From there you can clone the code or just download the code as a zip.

0

If you don't specify a specific file you should be able to pull the full contents of a specific commit. Like: git checkout 264794319e9695ba843cd6 (assuming that hash has all your files at the right state).

The reason pull isn't restoring files is that git sees your deletions as the more recent change, applying that on top of whatever you're pulling.

(I'd recommend experimenting in a new branch.)

0

If you have to Recover Without Git Command Then Follow This

If You have Github Desktop It will make things easy

If not then install and sign in

  1. Go to File

  2. Clone repository

  3. Select Repository your Repo

  4. Click on History

enter image description here

  1. Right Click on Commit that used to delete Folder/File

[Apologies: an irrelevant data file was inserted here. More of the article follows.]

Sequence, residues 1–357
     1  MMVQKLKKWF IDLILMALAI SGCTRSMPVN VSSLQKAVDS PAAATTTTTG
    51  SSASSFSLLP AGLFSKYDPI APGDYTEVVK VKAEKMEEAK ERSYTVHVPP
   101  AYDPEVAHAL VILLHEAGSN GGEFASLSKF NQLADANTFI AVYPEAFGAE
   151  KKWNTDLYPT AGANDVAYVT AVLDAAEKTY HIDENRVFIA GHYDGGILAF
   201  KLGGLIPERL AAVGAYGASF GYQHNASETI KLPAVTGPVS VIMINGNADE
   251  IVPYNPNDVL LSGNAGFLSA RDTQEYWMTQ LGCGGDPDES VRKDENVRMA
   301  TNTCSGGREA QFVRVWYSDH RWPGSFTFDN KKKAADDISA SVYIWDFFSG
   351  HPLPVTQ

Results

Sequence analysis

enter image description here

  1. Select Revert changes in commit option

  2. Now Just Click on Push Origin

enter image description here

  1. All set! You Have recovered the deleted File/Folder you can check it in your Repository
0

You can restore a folder by using gitbash:

First run the command: git status This will let you see the root folder and all of the files.

Example, let's say you deleted a root folder called lib

Files: lib/commands/123 lib/commands/123/456 lib/commands/123/456/789/etc

Restore it by using git command: git restore *lib

2
-1

for uncommited deletions, Its as simple as this :

git reset HEAD rel/path/to/deleted/directory/*